CloudJumper, a 100-percent channel sales company, which bills itself as a workspace-as-a-service (WaaS) provider, on Tuesday announced the acquisition of IndependenceIT.
CloudJumper has been in business since 2016, when it spun off from nGenx, a cloud-based application provider. It was just about one year ago when CloudJumper expanded its channel via the private acquisition of a competitor’s service business. We learned today, that private company in question was, in fact, IndependenceIT. Now CloudJumper will own the rest of the company.
In a chat with Max Pruger, CloudJumper chief sales officer, we learn more about the strategy for the combined organizations, what it means to channel partners, and the growth opportunity and road map, for all.
Channel Futures: CloudJumper and IndependenceIT have an interesting partnering history. Set the stage for us.
Max Pruger: The company and the founders have been in the cloud space since 2000 … we were Citrix Cloud Partner of the Year a couple of years in a row, Cloud Visionary Partner in 2014, and an internal joke is that we were so visionary that we were the first ones to leave Citrix. So, at the end of 2014, the decision was made to leave Citrix and migrate over to the IndependenceIT platform.
We have a lot of IP and other software in our software stack, but for the provisioning and orchestration layer, those are competitive products. We’re one of the largest Citrix companies out there and we’ve spent about two-and-a-half years migrating seats over from Citrix to IndependenceIT. That’s how we got involved with IndependenceIT; we were their largest partner by far.
When I joined the company in 2015, IndependenceIT was looking to move away from a services model and toward a software-only model; and, since that time, we acquired IndependenceIT in pieces. First they decided to stop doing their turnkey business and go software only, so we acquired some of their sales staff and they’re still with us today.
Last year, we acquired a business unit of over 1,000 seats, a tactical acquisition to add to our bottom-line revenue and growth. At the time we didn’t say who the company was; now I am, it was IndependenceIT’s turnkey business. They weren’t growing it; it was maintenance only. We acquired the business unit and the partners and support team came with it. We rolled it up into CloudJumper last year.
CF: That’s not the end of the story, is it?
MP: About six months later, we continued to talk to IndependenceIT; we were strategic partners. We talked about the growth map, what the market was looking like. I still think we’re about a year, a year-and-a-half ahead of the market, we are seeing growth and a lot of MSPs migrate to workspace as a service instead of physical desktop management.
We knew that IndependenceIT was talking to other suitors – definitely not a distressed sale – but the more we looked at the market as a whole, the more it made sense for CloudJumper and IndependenceIT to join forces.
CF: Talk about the strengths of a combined company.
MP: It’s a strategic acquisition to drive a growth market. IndependenceIT executive leaders and the development team will join CloudJumper.
CloudJumper has a turnkey in-a-box offering that our MSPs and agents resell to their customers. If you want to roll your own on the software side, think of IndependenceIT as Lego pieces.
CF: What does the acquisition mean to partners?
MP: It’s all business as usual today. However, what’s exciting about this acquisition to us – and I think exciting to our partners – is the fact that CloudJumper was a full turnkey solution. IndependenceIT has [its] own software and other pieces, to roll your own. CloudJumper always had the software, but it wasn’t core to what we were doing.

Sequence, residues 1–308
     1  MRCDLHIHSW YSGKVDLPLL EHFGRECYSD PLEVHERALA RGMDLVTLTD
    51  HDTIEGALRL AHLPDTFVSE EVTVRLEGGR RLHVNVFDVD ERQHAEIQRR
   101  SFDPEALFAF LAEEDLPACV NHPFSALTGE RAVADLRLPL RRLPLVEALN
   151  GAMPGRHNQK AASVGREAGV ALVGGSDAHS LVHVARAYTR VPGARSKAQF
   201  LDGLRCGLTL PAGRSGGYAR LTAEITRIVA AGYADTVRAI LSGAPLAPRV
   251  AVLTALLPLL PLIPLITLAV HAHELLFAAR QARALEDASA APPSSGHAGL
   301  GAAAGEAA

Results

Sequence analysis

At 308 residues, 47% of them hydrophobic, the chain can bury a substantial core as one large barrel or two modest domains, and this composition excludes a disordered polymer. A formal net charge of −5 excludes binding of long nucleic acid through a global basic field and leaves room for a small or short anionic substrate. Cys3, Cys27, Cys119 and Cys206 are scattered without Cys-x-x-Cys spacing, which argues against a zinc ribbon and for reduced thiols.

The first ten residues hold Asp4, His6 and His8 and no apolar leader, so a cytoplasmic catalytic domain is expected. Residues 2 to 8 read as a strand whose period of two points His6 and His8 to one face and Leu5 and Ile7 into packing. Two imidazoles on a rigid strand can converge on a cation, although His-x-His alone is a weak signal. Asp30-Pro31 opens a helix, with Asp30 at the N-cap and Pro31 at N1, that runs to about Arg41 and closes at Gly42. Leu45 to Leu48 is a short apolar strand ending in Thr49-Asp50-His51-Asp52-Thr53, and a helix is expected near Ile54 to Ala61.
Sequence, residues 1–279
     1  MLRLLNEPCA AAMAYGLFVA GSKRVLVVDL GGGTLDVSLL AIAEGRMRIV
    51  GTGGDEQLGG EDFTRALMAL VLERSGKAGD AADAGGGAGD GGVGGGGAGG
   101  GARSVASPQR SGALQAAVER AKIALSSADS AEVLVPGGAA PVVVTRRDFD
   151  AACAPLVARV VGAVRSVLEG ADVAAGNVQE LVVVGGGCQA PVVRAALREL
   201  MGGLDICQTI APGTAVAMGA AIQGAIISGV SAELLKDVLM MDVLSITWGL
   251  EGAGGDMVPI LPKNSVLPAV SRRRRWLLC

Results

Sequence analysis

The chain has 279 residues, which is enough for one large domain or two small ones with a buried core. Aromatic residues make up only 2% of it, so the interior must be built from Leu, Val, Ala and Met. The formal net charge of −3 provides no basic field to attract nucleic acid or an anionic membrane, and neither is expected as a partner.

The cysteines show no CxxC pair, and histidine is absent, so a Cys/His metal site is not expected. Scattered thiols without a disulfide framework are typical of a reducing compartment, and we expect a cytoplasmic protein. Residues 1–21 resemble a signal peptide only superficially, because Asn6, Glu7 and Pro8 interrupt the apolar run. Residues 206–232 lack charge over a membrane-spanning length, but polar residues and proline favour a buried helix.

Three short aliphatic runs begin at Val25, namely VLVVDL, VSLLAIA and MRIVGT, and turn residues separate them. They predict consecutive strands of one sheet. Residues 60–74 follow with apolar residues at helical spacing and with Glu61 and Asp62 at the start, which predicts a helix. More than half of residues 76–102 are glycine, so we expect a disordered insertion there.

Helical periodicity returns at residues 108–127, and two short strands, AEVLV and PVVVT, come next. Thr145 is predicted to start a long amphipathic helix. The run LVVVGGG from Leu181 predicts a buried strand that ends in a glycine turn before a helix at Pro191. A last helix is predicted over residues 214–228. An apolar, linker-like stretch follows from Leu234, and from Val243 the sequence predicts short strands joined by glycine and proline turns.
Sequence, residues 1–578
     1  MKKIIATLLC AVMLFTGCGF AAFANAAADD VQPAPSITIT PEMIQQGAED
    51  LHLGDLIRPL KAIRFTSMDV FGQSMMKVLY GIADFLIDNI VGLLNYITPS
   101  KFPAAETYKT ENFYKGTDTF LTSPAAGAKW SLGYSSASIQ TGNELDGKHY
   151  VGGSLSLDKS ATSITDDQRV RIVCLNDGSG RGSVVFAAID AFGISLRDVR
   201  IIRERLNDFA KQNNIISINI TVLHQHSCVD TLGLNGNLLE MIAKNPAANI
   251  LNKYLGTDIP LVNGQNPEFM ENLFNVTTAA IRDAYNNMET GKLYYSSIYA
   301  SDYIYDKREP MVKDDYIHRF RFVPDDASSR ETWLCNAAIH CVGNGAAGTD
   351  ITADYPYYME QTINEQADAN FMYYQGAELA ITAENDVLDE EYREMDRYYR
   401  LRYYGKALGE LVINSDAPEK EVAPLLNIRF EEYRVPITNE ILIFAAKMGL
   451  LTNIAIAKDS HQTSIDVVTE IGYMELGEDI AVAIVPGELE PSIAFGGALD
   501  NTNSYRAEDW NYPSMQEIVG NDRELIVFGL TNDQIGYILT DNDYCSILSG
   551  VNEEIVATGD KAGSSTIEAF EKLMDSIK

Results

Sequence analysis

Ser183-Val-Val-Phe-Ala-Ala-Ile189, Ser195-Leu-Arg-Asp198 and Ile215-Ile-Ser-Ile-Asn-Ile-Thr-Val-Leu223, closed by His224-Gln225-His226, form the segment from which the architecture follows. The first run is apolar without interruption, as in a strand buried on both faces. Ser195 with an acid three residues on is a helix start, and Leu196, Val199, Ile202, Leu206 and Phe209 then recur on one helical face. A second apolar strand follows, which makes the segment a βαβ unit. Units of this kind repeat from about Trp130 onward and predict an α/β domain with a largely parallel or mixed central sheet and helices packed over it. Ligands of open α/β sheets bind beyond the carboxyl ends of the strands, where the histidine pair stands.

What I’ve seen over the last year – CloudJumper grew over 100 percent last year, IndependenceIT grew 100 percent – was we saw more mature MSPs start getting into this market. We’re still in the early-adopter phase, but it’s definitely catching on.
The challenge that we’re seeing with the mature MSPs is that for larger customers, they didn’t necessarily want a full turnkey solution, they actually wanted more control over the environment. At the same time, they didn’t want just the software piece because they didn’t want to have to manage the platform. It's very expensive to deliver a WaaS solution at scale; you have to have significant technical resources. So we started seeing more demand for a hybrid environment where for specific customers and larger, more mature MSPs, they wanted someone like a CloudJumper to manage the underlying platform, so they wouldn’t have to deal with it. At the same time, the MSPs want more control over the day-to-day support issues that a customer may call in with.
With this acquisition, we can deliver a service to our MSP partners where they can tailor a solution to meet whatever requirement each end customer may have — so, for example, if they have customers with 15-100 seats who want turnkey, great, they can sell that; if they have a customer with 500-1,500 seats who want a hybrid solution where we manage the platform and they handle the day-to-day tasks, we can do that; if there’s a customer with 10,000 seats and they just want to buy software, we can do that as well.
CF: Is there a road map that you can talk about?
MP: There is a road map that we think partners will benefit from — we did acquire IndependenceIT’s entire technology team and development team, and we have a development team, so combining them … CloudJumper was building its own IP on top of our entire software stack, and we’re planning version 2 of JumpStart, our on-boarding and migration tool.
We also have a partner portal built on IndependenceIT’s APIs and we’ve added more to enable partners to get more information to meet their needs.